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What is safety and how can we think about safe space? A psychosocial exploration.

When:
Venue: Online

What is safety and how can we think about safe space? A psychosocial exploration. 

This CREHR event will consist of a presentation by Marcela Lopez Levy, with Nicola Dahrendorf as discussant. They are both Honorary Research Fellows at CREHR.

How is safety created? In psychotherapeutic practice, providing a safe-enough space to meet, where the therapist and the person seeking therapy come together is a widely-held yet rarely examined pre-condition undergirding the relational nature of creating trust; the relationship brings to mind a dyad, and assumptions regarding the limits to trust and safety. Yet group analysis has created a therapeutic modality where a group of up to 9 people come together and share in profound psychological exchange in ways that connect their personal lived experience with the social context that formed them. I examine the ways in which the group analytic conception of ‘dynamic administration’, that is, the active creation of group boundaries, attention to communication and unconscious dynamics help us to think about safety and safe space in groups. I propose that the group analytic experience of acknowledging distress in a social (yet made safer) context, creating a collective experience of co-regulation and verbalising unconscious emotions can contribute to the creation of safe space in non-therapeutic groups and potentially lead to reparation being felt by individuals. 

This has practical implications for working with acknowledging trauma in the context of human rights work and with creating reparative spaces. There may be different dynamics and processes to be discerned between acute distress arising from traumatic events and chronic or ongoing states of traumatic responses to structural violence such as racism and pervasive anxiety caused by precarity.  

Thinking psychosocially about safe space matters because safety has been an invisible counterpart to the large literature on risk and uncertainty in sociology and research into the regulation of risk has not addressed how we might create the opposite of risk: safety from harm. The obverse of risk has been conceptualised as ‘security’ that rarely deals with lived experience. Where the term appears, ‘safety’ has become concretised and made operational in work psychology and ‘health and safety’ directives – it has been emptied of meaning and bureaucratised. As Covid19 has made us more aware that we are only as safe as each other, we need new ways to think about what safety means collectively.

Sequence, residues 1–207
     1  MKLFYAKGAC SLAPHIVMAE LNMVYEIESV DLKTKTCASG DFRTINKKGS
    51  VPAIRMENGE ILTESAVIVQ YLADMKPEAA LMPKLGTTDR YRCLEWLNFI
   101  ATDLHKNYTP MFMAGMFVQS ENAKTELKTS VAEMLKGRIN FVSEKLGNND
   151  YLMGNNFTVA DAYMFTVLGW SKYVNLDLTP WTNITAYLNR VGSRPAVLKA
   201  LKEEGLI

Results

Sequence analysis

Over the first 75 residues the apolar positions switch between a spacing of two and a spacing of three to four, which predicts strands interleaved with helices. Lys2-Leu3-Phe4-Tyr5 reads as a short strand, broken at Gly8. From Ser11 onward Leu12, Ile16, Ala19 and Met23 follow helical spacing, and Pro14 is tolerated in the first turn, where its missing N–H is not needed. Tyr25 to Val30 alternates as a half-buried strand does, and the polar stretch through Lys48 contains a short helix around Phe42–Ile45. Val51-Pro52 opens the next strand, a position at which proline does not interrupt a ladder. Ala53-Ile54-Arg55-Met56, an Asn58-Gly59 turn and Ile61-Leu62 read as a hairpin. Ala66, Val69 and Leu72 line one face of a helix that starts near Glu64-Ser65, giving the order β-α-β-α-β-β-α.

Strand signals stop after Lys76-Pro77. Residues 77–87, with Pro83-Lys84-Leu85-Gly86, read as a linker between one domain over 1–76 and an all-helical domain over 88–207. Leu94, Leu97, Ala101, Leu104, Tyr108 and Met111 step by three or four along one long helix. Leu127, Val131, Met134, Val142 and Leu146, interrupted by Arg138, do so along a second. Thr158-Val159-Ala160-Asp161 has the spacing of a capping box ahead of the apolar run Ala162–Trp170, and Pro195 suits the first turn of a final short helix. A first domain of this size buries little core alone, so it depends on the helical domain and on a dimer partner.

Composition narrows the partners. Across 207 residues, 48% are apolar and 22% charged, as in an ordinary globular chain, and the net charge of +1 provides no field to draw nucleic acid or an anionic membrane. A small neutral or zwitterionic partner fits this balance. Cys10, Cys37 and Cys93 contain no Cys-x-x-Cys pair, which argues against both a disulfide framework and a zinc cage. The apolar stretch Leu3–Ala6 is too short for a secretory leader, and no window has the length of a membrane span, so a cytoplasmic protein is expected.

Marcela López Levy has a first degree in psychology (Sheffield), a Masters in Social Anthropology (Goldsmiths) and a doctorate in Political Sociology (University of London). In every discipline her focus has been on the inter-disciplinary psychosocial thinking that explores subjectivity, power and culture. She has written about the psychosocial thinking in Latin America that goes back many decades and is central to the human rights and social justice organisations that she has worked with in the past two decades. Her research interests include theorising safe space, power and subjectivities, and the psychological effects of inequality and power relations. She practises clinically as a group analyst. Publications include Argentina under the Kirchners: the legacy of left populism (Practical Action Publishing, 2017) and We Are Millions: neo-liberalism and new forms of political action in Argentina (Latin America Bureau, 2004). Marcela is the Reviews Editor of the Journal of Latin American Studies.

Nicola Dahrendorf is a practitioner with several decades experience in conflict and post-conflict settings with INGOs, the United Nations, the UK government and in an academic capacity. Her overall professional focus has been on peace building and conflict resolution, protection of civilians and child protection, sexual and gender-based violence and on security sector and justice reform in fragile environments. Her past UN work involved six peacekeeping operations in senior management positions. She has worked at UNICEF HQ as Chief of Humanitarian Policy and Advocacy and with UNHCR for seven years on refugee law and protection issues in a number of conflict and post-conflict situations.

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